Napier Labour MP Stuart Nash has penned his support for a report that questions taxpayer-funded "corporate welfare" although he says he doesn't share the political views of the right-wing group that commissioned the study.
The Taxpayers' Union yesterday published Monopoly Money, a report giving a breakdown of government spending on subsidies to businesses which it says have increased from $1 billion to $1.4 billion during the past six years of a National-led Government.
The report begins with forewords written by Mr Nash and Michael Barnett, chief executive of the Auckland Regional Chamber of Commerce and Industry.
In his foreword, Mr Nash wrote: "While my own politics and that of the Taxpayers' Union differ significantly, I commend them on this report. It allows readers to think about the relative values and priorities from the spending the report outlines."
The Taxpayers' Union describes itself as an independent activist group and says its goals are to "fight government waste and make sure New Zealanders get value for money from their tax dollar".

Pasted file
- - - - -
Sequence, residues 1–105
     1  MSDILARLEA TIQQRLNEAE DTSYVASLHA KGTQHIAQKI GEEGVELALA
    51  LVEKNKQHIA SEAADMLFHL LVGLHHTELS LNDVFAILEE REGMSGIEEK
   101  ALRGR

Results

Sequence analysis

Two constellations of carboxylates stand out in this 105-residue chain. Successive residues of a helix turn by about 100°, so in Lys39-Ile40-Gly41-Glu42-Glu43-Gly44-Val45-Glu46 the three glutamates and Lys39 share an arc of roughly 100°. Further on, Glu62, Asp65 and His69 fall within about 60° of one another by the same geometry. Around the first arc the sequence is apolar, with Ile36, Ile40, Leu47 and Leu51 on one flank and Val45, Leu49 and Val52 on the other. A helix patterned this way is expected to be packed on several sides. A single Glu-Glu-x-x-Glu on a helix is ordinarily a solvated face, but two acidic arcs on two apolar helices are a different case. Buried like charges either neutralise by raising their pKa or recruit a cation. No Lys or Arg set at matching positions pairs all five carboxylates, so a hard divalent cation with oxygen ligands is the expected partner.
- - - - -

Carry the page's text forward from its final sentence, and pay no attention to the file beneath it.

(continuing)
The union was co-founded by right-wing blogger and National Party pollster David Farrar, along with Hawke's Bay-raised lawyer Jordan Williams.
Mr Williams, who attended Lindisfarne College in Hastings, is a friend of Havelock North political strategist Simon Lusk and featured along with Mr Lusk and Whale Oil blogger Cameron Slater in Nicky Hager's book Dirty Politics.
Mr Nash has said he has taken free advice from Mr Lusk, as he does from a range of people across the political spectrum.
The two men's names were linked again this week with the leaking of a 2012 email from Mr Nash's campaign manager, Rob Johnson, criticising the commissioning of a Lusk report by two of Mr Nash's associates into the possibility of setting up a new political party.
Mr Nash says he did not know about Mr Lusk's report until after it was written and never had any intention of defecting to a new party.
In his foreword for the Monopoly Money report, Mr Nash, who was Labour's revenue spokesman during his previous spell as an MP from 2008 to 2011, said the report's findings showed National had been "delving into the country's coffers to dole out money to their favoured businesses and industries".
"Given that politics is a contest of ideas and vision, any government spending on the scale identified in this report should be transparent and open to public scrutiny. I therefore welcome the Taxpayers' Union's efforts in this area."